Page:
Fraudsters cheating elderly victims across the US face 20 years in prison and a $250,000 fine
Two Indian nationals have admitted to conspiracy to commit wire fraud by accepting illegally obtained $1.2 million in wire transfers from elderly victims across the US.
Arushobike Mitra, 27, and Garbita Mitra, 24, pleaded guilty before US District Judge Esther Salas in Newark federal court to an information charging them each with one count of conspiracy to commit wire fraud, US Attorney Philip R. Sellinger announced June 28.
Read: Why robocalls from India-based call centers are on decline (June 20, 2022)
The Mitras are charged with receiving fraudulent transfers of cash from 48 victims across the country totaling more than $1.2 million, according to a press release from US Attorney’s Office for New Jersey district.
The conspiracy to commit wire fraud charge carries a maximum penalty of 20 years in prison and a $250,000 fine or twice the amount of the loss, whichever is greater. Sentencing for both defendants is scheduled for Dec 13, 2022.
As part of an international fraud scheme, criminal India-based call centers utilized automated robocalls to victims across the country with the intent of defrauding US residents, particularly the elderly, according to court documents.
After establishing contact with victims through these automated calls, other members of the conspiracy would coerce or trick the victims into sending large sums of cash through physical shipments or wire transfers to other members of the conspiracy, including the Mitras.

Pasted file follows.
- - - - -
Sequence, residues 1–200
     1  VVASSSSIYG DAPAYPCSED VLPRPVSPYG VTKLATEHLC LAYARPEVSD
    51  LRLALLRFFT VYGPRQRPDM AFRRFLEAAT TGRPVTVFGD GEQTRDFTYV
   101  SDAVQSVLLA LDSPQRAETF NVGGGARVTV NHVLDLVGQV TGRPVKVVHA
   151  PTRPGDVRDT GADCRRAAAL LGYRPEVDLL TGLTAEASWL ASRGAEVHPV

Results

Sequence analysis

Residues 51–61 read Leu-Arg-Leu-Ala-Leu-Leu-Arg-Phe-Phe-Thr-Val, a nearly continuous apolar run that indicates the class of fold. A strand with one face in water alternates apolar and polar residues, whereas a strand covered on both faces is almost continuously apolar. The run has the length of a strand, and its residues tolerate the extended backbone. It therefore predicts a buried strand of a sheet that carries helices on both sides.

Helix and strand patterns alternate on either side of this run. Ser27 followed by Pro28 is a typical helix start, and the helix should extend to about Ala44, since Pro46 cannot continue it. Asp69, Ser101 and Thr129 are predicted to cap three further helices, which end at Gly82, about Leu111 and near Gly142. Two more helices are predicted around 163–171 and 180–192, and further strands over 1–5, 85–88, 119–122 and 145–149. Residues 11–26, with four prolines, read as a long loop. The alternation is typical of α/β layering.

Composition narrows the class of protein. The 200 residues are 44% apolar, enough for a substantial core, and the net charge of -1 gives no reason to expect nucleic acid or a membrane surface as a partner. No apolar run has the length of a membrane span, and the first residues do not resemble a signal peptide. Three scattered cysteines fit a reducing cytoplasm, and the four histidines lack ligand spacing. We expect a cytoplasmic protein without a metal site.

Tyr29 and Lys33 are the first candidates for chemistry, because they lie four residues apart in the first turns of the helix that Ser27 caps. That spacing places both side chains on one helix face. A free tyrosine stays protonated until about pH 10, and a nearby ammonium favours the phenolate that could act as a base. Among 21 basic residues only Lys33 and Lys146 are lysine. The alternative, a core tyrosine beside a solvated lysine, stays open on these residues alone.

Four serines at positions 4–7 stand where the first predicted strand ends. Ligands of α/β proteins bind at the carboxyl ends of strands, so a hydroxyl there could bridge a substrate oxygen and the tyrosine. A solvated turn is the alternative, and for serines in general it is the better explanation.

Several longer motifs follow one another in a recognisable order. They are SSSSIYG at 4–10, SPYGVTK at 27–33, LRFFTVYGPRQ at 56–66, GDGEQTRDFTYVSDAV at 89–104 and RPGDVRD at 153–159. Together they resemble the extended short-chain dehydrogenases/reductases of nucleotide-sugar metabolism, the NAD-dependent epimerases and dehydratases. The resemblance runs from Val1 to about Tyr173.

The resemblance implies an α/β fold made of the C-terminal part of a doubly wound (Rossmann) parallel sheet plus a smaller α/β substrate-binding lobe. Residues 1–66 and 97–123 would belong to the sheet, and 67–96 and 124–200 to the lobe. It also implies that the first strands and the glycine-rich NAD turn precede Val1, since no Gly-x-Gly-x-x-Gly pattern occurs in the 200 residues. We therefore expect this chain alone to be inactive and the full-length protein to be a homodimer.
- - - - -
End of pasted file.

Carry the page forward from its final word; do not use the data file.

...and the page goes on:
These conspirators used a variety of schemes to convince victims to send money, including impersonating government officials from agencies such as the Social Security Administration, or impersonating law enforcement officers from the FBI or DEA, and threatened victims with severe legal or financial consequences if they did not comply.
Another method utilized by the callers involved convincing the victim they were speaking with someone from a tech support company and coercing the victim into granting the caller remote access to their personal computers.
The caller would then access the victim’s bank accounts and make it appear to the victim that the caller had inadvertently added money to the victim’s bank account, when in fact the caller had simply transferred money from another one of the victim’s own accounts.
The caller would then instruct the victim to “return” the money by way of mail or wire transfer to other members of the conspiracy, including the Mitras.